A couple of questions:
1. Regarding pay, does that include CEO Kruse?
2. Will a U.S. Attorney in Texas, Oklahoma or Alabama file criminal charges – (see below)?
The Austin American Statesman reports this morning that Blue Bell Creameries is laying off 1,450 employees and furloughing 1,400 others (remaining workers will see their pay cut) in light of a Listeria outbreak that has idled operations at its four production facilities and sparked a nationwide recall of eight million gallons of its ice cream, frozen yogurt, sherbet and frozen snacks along with 10 Listeria illnesses – including three deaths.
Blue Bell will also have to deal with increased regulatory pressures in light of the revelation last week that the company knew listeria was present in its Broken Arrow, Oklahoma facility as far back as 2013. The U.S. Food and Drug Administration said it wasn’t told about the positive test results — 17 in all between 2013 and 2015 — until this year. In a deal reached Thursday with the Texas Department of State Health Services, Blue Bell agreed to stepped-up testing of its products. Any positive listeria test results will have to be reported to the state within 24 hours, among other new requirements. A similar agreement was reached with the state of Oklahoma, and talks are reportedly underway with state health officials in Alabama, where the company has a production line in Sylacauga.
Bill Marler, a Seattle-based food-borne illness lawyer who has been watching the Blue Bell case, said Friday’s announcement was another reminder of a mess that could have been averted. Marler said he believes that Kruse and his food safety workers are to blame.
“This is very sad all the way around,” Marler said. “I feel bad for these employees. I feel bad for the victims. I don’t feel bad for Mr. Kruse and his food safety people. They should have been on top of this. It’s a completely preventable disaster.”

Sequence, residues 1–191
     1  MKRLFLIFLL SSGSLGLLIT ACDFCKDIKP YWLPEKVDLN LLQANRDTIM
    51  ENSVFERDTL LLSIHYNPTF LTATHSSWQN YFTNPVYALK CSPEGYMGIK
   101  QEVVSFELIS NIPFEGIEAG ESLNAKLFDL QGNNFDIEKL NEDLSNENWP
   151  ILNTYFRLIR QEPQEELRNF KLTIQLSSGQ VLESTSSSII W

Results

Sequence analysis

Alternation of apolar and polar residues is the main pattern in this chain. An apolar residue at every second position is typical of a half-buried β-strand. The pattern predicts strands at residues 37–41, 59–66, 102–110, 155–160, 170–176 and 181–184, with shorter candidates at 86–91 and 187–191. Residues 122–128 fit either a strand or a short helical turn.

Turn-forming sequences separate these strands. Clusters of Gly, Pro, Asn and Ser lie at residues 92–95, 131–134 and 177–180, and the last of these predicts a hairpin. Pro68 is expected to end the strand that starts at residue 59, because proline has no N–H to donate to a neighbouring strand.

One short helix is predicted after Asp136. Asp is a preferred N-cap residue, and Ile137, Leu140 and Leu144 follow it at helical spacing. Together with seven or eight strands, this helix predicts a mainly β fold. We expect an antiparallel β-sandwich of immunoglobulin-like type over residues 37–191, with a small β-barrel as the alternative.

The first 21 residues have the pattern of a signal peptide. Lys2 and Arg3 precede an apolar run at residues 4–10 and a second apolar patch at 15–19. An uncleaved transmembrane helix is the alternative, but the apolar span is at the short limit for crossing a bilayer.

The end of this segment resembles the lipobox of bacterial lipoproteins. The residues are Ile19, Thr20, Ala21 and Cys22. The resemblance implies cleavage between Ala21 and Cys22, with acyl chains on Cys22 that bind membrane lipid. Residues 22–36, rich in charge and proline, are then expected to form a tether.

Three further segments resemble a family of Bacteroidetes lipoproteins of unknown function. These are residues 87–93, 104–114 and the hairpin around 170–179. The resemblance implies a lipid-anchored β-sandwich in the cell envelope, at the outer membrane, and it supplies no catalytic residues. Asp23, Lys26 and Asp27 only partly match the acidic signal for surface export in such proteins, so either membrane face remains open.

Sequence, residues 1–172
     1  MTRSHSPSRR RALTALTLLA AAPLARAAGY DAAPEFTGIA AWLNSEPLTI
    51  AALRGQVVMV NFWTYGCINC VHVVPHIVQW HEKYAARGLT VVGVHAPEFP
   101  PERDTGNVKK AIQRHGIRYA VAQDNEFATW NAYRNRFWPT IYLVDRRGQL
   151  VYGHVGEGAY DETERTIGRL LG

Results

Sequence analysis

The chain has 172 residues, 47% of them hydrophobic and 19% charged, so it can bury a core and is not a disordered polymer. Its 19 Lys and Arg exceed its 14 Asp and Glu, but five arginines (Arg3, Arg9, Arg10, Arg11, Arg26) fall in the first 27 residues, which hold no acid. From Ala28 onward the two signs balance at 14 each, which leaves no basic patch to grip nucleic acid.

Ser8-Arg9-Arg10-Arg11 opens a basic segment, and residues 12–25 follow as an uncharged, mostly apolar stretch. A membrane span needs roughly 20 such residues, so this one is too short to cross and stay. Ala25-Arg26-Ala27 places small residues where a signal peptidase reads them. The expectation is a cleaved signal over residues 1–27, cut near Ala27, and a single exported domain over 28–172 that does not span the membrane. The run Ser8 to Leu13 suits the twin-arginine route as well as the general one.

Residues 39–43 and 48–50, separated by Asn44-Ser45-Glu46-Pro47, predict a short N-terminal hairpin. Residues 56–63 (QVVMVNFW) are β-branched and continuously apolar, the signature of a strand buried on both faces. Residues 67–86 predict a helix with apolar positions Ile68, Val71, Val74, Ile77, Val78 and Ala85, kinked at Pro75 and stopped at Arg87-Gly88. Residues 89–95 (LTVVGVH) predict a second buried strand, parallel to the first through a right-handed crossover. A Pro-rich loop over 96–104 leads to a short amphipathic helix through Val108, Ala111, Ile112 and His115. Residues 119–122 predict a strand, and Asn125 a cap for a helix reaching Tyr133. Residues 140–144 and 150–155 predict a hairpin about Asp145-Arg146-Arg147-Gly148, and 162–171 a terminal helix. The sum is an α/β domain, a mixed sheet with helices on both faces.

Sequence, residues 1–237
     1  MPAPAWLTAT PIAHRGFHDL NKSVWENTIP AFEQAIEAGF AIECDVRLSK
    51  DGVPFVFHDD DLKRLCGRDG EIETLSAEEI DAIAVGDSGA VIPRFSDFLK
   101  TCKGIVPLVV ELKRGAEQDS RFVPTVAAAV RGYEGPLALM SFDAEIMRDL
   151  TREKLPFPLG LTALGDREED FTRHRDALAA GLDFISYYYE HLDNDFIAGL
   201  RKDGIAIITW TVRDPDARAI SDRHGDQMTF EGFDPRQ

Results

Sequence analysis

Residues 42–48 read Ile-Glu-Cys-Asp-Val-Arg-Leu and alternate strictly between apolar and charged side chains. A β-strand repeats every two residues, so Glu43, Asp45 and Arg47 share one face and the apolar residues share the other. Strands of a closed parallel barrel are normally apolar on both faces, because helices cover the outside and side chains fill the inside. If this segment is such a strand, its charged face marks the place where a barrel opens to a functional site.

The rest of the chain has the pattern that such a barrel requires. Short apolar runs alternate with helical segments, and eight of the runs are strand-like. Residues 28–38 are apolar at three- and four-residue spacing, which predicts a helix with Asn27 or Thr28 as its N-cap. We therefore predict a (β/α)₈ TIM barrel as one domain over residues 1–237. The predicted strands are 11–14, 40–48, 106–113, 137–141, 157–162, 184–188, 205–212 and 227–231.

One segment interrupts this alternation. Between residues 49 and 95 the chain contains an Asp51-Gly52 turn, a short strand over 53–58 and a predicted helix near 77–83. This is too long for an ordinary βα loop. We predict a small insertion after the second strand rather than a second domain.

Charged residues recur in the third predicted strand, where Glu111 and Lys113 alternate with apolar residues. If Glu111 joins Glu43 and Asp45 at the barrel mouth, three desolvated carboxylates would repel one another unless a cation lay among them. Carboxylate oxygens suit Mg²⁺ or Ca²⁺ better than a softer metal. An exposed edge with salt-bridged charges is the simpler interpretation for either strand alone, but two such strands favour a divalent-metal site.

Regarding criminal charges: Congress passed the Federal Food, Drug, and Cosmetic Act in 1938 in reaction to growing public safety demands. The primary goal of the Act was to protect the health and safety of the public by preventing deleterious, adulterated or misbranded articles from entering interstate commerce. Under section 402(a)(4) of the Act, a food product is deemed “adulterated” if the food was “prepared, packed, or held under insanitary conditions whereby it may have become contaminated with filth, or whereby it may have been rendered injurious to health.” A food product is also considered “adulterated” if it bears or contains any poisonous or deleterious substance, which may render it injurious to health. The 1938 Act, and the recently signed Food Safety Modernization Act, stand today as the primary means by which the federal government enforces food safety standards.
Chapter III of the Act addresses prohibited acts, subjecting violators to both civil and criminal liability. Provisions for criminal sanctions are clear:
Felony violations include adulterating or misbranding a food, drug, or device, and putting an adulterated or misbranded food, drug, or device into interstate commerce. Any person who commits a prohibited act violates the FDCA. A person committing a prohibited act “with the intent to defraud or mislead” is guilty of a felony punishable by years in jail and millions in fines or both.
A misdemeanor conviction under the FDCA, unlike a felony conviction, does not require proof of fraudulent intent, or even of knowing or willful conduct. Rather, a person may be convicted if he or she held a position of responsibility or authority in a firm such that the person could have prevented the violation. Convictions under the misdemeanor provisions are punishable by not more than one year or fined not more than $250,000, or both.